Dark MattersJulia Kennefick, Assistant Professor, Department of Physics
The year 2009 has been designated the International Year of Astronomy to celebrate the 400th anniversary of Galileo’s first viewing of the heavens with a telescope. He was the first to notice that the Milky Way, the streaky band across the night sky, contains thousands of individual stars and suggested that the stars could be further away than anyone had yet imagined.
By the early 20th century, scientists determined the composition of stars and found how stars produce their energy. They also explored how stars form and die, and are recycled into new stars in the Milky Way galaxy.
The pressing question in early 1920s astronomy, however, was: How big is our galaxy and are there others like it? Once astronomers began using telescopes, they saw small “cloudy” objects dotted around the heavens. They named these objects “nebulae.” But were these objects in our own galaxy, or did galaxies outside our own?
In 1920, astronomers debated this. Harlow Shapley argued that our galaxy is large, and any nebulae observed could be contained within it. Heber Curtis argued that the Milky Way is small and the nebulae could lie beyond its boundaries.
Edwin Hubble later ended the debate by determining the distance to the Andromeda nebula using a special class of star that he could resolve in the outer reaches of that galaxy. The distance proved to be far greater than the large size suggested, correctly, by Shapley for our own galaxy. Shapley and Curtis both proved to be correct: the Milky Way galaxy is large, and more galaxies exist beyond it.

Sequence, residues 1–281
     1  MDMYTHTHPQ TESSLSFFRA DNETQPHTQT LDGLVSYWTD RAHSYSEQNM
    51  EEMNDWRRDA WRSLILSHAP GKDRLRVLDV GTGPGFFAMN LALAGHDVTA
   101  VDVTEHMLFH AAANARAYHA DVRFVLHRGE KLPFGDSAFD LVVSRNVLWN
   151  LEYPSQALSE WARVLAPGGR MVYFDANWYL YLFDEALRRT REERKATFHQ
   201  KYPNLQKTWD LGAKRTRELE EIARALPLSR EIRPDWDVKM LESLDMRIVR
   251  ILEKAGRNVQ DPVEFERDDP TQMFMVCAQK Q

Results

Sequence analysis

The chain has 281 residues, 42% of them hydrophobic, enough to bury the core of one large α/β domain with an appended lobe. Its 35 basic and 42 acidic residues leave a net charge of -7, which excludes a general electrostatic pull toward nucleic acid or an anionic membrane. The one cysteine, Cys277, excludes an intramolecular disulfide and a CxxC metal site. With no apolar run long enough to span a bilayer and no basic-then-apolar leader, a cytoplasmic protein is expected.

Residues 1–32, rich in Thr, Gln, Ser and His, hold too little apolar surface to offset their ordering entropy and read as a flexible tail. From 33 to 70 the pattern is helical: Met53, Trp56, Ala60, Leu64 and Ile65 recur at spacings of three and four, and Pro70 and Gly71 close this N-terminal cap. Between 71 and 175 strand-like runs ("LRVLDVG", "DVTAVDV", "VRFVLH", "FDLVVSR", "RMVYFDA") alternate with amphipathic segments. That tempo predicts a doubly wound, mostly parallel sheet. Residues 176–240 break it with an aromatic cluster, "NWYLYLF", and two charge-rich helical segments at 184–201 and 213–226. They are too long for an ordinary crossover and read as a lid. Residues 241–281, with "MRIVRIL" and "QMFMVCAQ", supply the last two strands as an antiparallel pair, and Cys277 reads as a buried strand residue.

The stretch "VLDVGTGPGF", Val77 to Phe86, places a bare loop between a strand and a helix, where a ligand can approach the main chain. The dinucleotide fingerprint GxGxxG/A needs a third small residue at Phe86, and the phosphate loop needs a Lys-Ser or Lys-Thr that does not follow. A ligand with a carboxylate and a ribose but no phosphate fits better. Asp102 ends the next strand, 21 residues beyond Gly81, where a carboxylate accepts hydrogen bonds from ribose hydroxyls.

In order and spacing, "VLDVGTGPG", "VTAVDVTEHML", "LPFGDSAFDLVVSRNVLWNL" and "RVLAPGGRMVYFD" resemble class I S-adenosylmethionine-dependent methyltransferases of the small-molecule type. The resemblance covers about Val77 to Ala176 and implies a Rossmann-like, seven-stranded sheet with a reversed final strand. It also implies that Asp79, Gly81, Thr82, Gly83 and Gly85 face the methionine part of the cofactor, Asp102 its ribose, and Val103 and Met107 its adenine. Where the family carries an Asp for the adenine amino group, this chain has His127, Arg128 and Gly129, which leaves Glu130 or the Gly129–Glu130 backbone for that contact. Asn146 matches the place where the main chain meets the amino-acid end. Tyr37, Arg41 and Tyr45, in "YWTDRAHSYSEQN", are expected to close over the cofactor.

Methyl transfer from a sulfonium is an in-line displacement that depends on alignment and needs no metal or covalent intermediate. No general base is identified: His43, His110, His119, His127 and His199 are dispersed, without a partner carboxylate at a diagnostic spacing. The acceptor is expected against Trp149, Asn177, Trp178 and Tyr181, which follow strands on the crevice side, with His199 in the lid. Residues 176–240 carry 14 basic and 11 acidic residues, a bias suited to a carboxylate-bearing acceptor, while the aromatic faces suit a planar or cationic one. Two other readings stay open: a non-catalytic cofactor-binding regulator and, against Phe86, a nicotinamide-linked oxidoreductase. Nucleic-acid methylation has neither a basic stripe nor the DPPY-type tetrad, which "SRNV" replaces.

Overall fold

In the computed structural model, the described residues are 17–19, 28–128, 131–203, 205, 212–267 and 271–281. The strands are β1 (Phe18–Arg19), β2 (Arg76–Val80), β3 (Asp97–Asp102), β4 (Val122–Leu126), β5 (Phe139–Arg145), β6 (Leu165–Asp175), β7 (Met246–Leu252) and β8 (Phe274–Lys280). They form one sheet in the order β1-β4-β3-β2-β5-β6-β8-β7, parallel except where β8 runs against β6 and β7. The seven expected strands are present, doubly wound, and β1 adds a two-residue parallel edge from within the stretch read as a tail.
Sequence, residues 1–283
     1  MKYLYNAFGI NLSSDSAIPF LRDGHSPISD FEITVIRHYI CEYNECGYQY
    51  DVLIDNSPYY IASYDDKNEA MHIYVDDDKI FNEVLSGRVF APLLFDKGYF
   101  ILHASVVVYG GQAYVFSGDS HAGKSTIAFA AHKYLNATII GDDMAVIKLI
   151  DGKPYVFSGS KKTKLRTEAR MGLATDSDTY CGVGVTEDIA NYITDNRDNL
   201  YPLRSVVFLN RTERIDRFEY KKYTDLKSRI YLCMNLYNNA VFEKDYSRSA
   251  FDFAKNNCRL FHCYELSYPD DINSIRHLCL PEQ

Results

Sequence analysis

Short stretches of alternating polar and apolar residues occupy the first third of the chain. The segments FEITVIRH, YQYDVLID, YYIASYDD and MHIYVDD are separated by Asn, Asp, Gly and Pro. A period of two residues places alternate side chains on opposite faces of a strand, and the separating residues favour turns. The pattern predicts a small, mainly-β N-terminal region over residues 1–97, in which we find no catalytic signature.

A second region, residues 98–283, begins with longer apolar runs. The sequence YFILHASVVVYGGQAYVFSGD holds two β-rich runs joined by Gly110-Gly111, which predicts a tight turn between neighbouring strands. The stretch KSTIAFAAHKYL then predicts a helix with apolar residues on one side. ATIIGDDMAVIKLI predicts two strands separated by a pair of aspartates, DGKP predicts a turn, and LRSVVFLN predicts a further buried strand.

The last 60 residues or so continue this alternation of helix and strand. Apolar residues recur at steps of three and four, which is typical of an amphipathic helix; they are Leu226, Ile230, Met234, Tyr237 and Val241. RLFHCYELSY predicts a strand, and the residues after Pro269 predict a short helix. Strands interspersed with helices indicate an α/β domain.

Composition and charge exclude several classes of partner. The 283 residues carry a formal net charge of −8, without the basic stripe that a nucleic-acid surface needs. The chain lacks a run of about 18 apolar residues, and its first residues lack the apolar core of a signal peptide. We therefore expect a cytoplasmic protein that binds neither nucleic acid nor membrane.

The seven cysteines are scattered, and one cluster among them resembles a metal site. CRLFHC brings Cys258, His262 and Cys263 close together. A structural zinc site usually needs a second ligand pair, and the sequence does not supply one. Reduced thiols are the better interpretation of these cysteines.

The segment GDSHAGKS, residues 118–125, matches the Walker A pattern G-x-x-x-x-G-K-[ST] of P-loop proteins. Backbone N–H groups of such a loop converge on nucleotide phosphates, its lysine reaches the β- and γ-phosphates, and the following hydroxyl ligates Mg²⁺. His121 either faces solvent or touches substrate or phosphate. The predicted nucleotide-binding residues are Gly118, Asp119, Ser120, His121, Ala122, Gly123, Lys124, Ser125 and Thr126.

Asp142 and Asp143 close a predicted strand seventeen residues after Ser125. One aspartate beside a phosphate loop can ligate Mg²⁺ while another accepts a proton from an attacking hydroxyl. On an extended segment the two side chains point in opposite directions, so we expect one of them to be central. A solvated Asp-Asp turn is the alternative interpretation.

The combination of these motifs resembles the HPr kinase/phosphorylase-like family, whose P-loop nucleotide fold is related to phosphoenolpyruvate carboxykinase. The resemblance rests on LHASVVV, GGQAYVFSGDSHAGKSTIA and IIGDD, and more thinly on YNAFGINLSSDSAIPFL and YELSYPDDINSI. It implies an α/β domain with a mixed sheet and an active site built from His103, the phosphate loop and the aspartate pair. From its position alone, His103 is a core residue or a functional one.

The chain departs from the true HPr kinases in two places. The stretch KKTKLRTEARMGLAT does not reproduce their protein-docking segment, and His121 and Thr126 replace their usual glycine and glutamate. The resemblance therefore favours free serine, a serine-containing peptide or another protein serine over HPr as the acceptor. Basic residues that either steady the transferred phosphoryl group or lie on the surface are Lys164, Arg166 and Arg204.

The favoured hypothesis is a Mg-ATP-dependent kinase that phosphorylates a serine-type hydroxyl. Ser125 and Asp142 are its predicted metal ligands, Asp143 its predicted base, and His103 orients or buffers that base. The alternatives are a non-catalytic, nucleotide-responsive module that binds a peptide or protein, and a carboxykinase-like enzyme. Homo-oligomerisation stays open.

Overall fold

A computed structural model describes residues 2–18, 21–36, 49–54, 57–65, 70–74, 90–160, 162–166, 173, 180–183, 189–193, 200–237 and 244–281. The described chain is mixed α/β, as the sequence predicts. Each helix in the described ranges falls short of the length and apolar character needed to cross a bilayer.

While we now know that there are over 100 billion galaxies in the observable universe, we still lack a deep understanding of how galaxies form, evolve with time and end their lives. The situation bears an analogy with the state of astronomy at the beginning of the 20th century. Just as the 20th century saw the birth of a complete and sophisticated science of the star, so the 21st century is shaping up to be the century in which we come to know and understand galaxies.
The first clue that galaxies, like stars, evolve with time came in the 1960s with the discovery of quasars, the energetic centers of some galaxies. Theorists began to study the stages of advanced gravitational collapse, which gave birth to the notion of black holes, now thought to power quasars through matter falling into them. Astronomers have evidence that most well formed galaxies have a black hole in their centers.
Astronomers also have observed correlations between the size of the supermassive black hole and certain features of their host galaxies. One possible link between them is the dark matter halo, which astronomers believe exists in all galaxies and which probably played a role in their evolution.
In the 21st century, astronomy has gone beyond starlight to study another type of mass in the universe -- black holes and dark matter. This mass seems more plentiful than the shining mass, and may dominate how galaxies have formed throughout the lifetime of the universe.
Assistant Professor, Department of Physics